Right Join – Visual Explanation and Introduction

The SQL RIGHT JOIN Includes all rows from the Right table and those that match from the left.  For that doesn’t match from the right, NULL is returned in the corresponding columns. 

This is the key difference between a SQL RIGHT JOIN and INNER JOIN.  Where an inner join only returns rows matching the join condition, in a Right outer join, it’s guaranteed all the Right tables rows are included in the result. 

Checkout this illustration:

SQL RIGHT JOIN example

Check out the results for Fred and notice there is no matching Product, it is NULL.  Also, the isn’t included in the result. 

Another name for  right join is  Right outer join. 

The RIGHT JOIN general form is: 

SELECT table1.column1, table2.column2, … 
FROM   table1 
RIGHT JOIN table2 ON table1.commonColumn = table2.commonColumn 

Notes: 

  • In this example table2 is the Right table and table1 the left.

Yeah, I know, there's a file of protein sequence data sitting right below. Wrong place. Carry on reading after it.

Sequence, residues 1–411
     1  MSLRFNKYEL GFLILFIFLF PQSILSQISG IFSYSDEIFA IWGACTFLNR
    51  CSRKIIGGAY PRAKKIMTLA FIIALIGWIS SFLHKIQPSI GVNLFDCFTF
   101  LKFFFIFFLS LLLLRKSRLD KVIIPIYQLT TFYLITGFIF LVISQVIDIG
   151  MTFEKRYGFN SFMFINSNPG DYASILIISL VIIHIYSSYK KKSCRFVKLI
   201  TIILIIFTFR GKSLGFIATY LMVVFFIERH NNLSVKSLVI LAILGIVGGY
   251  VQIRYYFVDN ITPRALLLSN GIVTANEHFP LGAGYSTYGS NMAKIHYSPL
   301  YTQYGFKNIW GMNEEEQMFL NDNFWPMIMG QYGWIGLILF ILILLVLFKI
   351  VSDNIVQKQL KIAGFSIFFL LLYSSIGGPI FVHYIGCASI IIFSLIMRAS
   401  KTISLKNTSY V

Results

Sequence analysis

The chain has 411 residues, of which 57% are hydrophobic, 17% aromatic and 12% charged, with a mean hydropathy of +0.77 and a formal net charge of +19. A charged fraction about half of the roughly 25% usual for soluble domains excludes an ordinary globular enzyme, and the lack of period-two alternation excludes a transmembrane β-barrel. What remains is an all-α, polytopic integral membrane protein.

• If there is no match between the commonColumn values, table1.column1 returns NULL 

SQL RIGHT JOIN Example 

Not every person in the AdventureWorks database is an employee.  Let’s list every person, and some of their employment data, if it exists.  We’ll use a RIGHT JOIN to do so.   

Keep in mind it is a RIGHT JOIN, as the person table, which has every row we wish to return, is on the Right side of the JOIN operator. 

–List all People and any employment data, if it exists. –Use Outer Join to do so… SELECT P.FirstName , P.LastName , E.HireDate , E.JobTitle FROM HumanResources.Employee AS E RIGHT JOIN Person.Person AS P ON P.BusinessEntityID = E.BusinessEntityID;
--List all People and any employment data, if it exists. 
--Use Outer Join to do so... 
SELECT P.FirstName 
 , P.LastName 
 , E.HireDate 
 , E.JobTitle 
FROM HumanResources.Employee AS E 
     RIGHT JOIN Person.Person AS P ON P.BusinessEntityID = E.BusinessEntityID; 

Look at the results and notice there are NULL’s for some people.  This is because there are no corresponding entries in the Employee table.  The RIGHT JOIN is working as advertised, return all matches, and a NULL where none exist. 

Important Points: 

When working with RIGHT JOINS keep in mind your match from one table to another may match multiple rows.  Meaning, your result may have more rows in the result that you have in either table. 

When columns don’t match, the query the right row, and NULL for the left table columns.. 

Additional SQL Join Resources 

To learn more about the joins, check out these useful resources: 

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